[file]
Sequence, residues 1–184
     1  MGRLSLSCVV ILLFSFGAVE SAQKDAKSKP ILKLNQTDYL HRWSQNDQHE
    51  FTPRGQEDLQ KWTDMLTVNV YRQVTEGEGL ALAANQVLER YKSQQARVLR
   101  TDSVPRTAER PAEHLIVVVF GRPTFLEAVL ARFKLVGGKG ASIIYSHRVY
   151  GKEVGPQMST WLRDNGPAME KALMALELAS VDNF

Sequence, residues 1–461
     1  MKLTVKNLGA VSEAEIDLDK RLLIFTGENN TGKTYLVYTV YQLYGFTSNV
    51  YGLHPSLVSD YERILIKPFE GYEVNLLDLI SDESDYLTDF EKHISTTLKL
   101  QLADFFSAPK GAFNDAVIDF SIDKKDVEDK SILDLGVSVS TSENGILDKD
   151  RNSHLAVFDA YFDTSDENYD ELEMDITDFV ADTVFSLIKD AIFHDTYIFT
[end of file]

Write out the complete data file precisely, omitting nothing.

Sequence, residues 1–184
     1  MGRLSLSCVV ILLFSFGAVE SAQKDAKSKP ILKLNQTDYL HRWSQNDQHE
    51  FTPRGQEDLQ KWTDMLTVNV YRQVTEGEGL ALAANQVLER YKSQQARVLR
   101  TDSVPRTAER PAEHLIVVVF GRPTFLEAVL ARFKLVGGKG ASIIYSHRVY
   151  GKEVGPQMST WLRDNGPAME KALMALELAS VDNF

Sequence, residues 1–461
     1  MKLTVKNLGA VSEAEIDLDK RLLIFTGENN TGKTYLVYTV YQLYGFTSNV
    51  YGLHPSLVSD YERILIKPFE GYEVNLLDLI SDESDYLTDF EKHISTTLKL
   101  QLADFFSAPK GAFNDAVIDF SIDKKDVEDK SILDLGVSVS TSENGILDKD
   151  RNSHLAVFDA YFDTSDENYD ELEMDITDFV ADTVFSLIKD AIFHDTYIFT